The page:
While Augustus may be “on a roller coaster than only goes up,” this film takes its audience for an emotionally diverse ride, so much so that DFTBA.com sells a “TFIOS Preparedness Kit” – tissues included. Witty dialogue and ingenious timing create a laughable atmosphere throughout the movie, allowing the audience to believe everything is going to be okay just long enough that when things take a turn for the worse, it cuts all the deeper. However, despite how much the movie made me cry, I still wouldn’t classify it as a sad movie. The Fault in Our Stars is just as much about life as it is about sickness and death. The characters are joyful through much of the film. They are falling in love with each other and with life, despite how little time they have left. In fact, it may because of their mortality that they are able to do this so freely. One thing should be made clear; this is not a cancer story. Yes, it’s a love story about two kids with cancer. Yes, Hazel’s oxygen tank and Augustus’prosthetic leg makes it abundantly clear they’re ill. Still, The Fault in Our Stars is a story about people faced with their own mortality and the mortality of their loved ones. It’s about laying things clean and dry on the table to stop beating around the bush. It’s about two young adults realizing that this life is all they are going to get and that that’s just fine. Their lives are not perfect, in fact they’re far from, but they are still lives that demands to be lived to their fullest. This is a story about overcoming pain and finding joy despite it. This is not a cancer story.

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The soundtrack alone could warrant a review. Ranging from big names like Ed Sheeran and Birdy to lesser known, but just as talented artists such as Afasi and Filthy, the album’s mood fluctuates similarly to the film but still manages to be cohesive. “Bomfelleralla,” a personal favorite of mine, may be the only song that doesn’t seem to quite fit until you see the film. It’s plucked directly out of a scene where Van Houten (Willem Dafoe) plays the song for Hazel and Augustus.

The Fault in Our Stars is an important story because it shows that cancer patients are not their illness and have lives outside it. It shows sickness in a light we rarely get to see. So often we look at someone with a cannula and all we see is their sickness. We visualize them as “the other”when they are very much just like us. The Fault in Our Stars breaks down this “otherness”with a story about two lovers who are like every other couple. They just happen to have cancer.

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The film comes out June 6th but if you hurry, you can see it early. Theaters all over the US are hosting “The Night Before the Stars”where audiences can see the film the day before it comes out as well as a following livestream including cast members Shailene Woodley, Ansel Elgort and Nat Wolff (who plays Issac) , Author John Green, Director Josh Boone, Producer Wyck Godfrey, and performances from Birdy and Nat and Alex Wolff. Attendees will also receive a commemorative charm bracelet and exclusive movie poster. Tickets are $25 and going fast.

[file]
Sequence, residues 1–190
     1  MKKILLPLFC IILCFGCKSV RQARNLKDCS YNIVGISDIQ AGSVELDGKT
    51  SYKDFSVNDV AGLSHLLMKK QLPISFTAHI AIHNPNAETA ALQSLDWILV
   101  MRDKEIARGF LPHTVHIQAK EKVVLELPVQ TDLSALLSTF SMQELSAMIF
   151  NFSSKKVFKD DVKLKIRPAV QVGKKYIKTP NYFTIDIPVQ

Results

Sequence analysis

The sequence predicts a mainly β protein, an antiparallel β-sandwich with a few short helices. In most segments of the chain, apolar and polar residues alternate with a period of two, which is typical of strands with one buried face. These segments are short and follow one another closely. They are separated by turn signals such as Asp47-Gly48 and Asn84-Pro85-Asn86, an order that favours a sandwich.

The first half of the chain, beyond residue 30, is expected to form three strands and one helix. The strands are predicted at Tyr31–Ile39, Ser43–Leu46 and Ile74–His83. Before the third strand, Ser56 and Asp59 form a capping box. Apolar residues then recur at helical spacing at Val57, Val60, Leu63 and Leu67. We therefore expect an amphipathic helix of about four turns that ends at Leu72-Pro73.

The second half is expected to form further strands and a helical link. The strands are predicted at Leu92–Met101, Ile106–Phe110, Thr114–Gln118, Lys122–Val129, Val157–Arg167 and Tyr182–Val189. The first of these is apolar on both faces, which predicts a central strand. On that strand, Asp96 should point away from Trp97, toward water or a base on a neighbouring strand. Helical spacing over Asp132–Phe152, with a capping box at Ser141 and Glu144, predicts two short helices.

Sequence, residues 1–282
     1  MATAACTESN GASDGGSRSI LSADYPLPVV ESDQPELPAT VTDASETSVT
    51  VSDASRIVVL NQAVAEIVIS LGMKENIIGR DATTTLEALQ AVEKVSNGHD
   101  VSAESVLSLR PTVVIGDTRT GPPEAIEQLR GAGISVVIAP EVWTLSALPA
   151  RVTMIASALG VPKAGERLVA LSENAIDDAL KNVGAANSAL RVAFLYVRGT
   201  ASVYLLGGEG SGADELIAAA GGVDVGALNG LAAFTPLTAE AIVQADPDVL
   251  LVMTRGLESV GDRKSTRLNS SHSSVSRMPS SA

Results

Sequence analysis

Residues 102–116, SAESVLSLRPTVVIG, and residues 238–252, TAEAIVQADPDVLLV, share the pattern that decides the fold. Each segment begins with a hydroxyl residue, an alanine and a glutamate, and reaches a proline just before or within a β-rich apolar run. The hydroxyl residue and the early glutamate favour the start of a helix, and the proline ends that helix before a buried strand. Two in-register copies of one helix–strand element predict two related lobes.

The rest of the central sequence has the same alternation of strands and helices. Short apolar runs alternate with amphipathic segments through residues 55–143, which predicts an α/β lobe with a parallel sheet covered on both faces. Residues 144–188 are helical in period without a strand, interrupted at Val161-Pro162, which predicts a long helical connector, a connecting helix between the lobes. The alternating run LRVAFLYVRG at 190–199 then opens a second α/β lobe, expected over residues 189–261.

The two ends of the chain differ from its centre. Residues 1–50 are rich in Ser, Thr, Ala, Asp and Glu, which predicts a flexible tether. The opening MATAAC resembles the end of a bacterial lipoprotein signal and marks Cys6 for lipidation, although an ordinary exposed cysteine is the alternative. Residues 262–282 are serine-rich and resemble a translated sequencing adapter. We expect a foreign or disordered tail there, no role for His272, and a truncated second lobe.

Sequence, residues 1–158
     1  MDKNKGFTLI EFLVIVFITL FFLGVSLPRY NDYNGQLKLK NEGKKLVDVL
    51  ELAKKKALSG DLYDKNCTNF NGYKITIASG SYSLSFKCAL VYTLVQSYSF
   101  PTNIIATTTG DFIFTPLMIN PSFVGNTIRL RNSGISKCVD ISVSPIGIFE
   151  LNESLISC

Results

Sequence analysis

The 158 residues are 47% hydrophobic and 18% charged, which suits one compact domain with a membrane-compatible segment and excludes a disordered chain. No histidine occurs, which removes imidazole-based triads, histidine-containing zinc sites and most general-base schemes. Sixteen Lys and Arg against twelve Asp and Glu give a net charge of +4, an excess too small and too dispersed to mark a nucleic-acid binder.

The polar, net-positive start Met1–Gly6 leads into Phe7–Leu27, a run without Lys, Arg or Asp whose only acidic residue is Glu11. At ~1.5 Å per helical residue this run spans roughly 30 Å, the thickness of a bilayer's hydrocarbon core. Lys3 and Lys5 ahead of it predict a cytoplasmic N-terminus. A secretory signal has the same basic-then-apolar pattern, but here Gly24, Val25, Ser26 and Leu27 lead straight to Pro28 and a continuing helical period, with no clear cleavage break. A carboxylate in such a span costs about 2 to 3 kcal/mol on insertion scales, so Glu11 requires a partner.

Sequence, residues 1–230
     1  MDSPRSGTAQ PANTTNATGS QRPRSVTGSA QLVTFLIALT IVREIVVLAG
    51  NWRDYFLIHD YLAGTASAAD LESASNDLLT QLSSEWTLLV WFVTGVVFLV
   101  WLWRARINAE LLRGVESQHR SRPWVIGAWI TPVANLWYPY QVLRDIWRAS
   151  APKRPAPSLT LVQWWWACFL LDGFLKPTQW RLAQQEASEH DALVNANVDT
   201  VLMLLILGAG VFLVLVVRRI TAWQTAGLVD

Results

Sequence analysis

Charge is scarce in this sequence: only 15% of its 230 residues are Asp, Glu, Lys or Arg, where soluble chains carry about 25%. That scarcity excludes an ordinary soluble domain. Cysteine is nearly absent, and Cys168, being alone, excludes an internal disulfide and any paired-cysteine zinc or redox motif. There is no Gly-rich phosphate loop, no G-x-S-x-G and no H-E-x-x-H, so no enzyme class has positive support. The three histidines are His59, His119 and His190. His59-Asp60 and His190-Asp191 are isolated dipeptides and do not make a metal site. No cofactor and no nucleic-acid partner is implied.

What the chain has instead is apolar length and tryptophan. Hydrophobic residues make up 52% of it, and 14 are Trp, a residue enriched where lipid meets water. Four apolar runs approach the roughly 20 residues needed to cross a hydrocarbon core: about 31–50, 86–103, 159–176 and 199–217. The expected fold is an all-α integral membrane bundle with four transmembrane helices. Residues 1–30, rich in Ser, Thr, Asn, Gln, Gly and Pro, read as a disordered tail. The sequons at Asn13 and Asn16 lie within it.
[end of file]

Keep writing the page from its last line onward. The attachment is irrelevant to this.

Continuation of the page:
Even if you haven’t read the book (though I sincerely recommend you do) The Fault in Our Stars is a film you will find yourself thinking about long after the credits roll. From the brilliant cast to the heart wrenching plot, this film is destined to be a Summer hit.

 
All photos belong to 20th Century Fox and Marvel Comics

X-Men: Days of Future Past Movie Review

Genre – Comic Book/Action

Director – Bryan Singer

Cast – Hugh Jackson, Jennifer Lawrence James McAvoy, Michael Fassbender, a bunch of other people that you never see

Alluring element – A classic X-Men story that tries to make up for The Last Stand

**check out our review of the graphic novel if you’re interested in reading it.

Scorecard:
Plot – 8
Acting – 9
Representation of Genre – 6
Cinematography – 7
Effects/Environment – 8
Captivity – 7
Logical consistency – 6
Originality/Creativity – 6
Soundtrack/Music – 7
Overall awesomeness – 7
 
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After the foul tail-end of the original X-Men trilogy, followed up with two more poorly-received Wolverine movies, Bryan Singer and company attempts to start all over with Days of Future Past. Do they succeed? Yes, but like its source material, it is not without its flaws.
When Stan Lee and Jack Kirby created the X-Men in the 1960’s, the team was spawned from a reflection of the Civil Rights movement. Social commentary through badass super-powers became the norm. So when Chris Claremont progressed the subject into one of total annihilation with Days of Future Past, it was as much a nod to the mutually assured destruction of war as it was about saving the world from evil sentinels.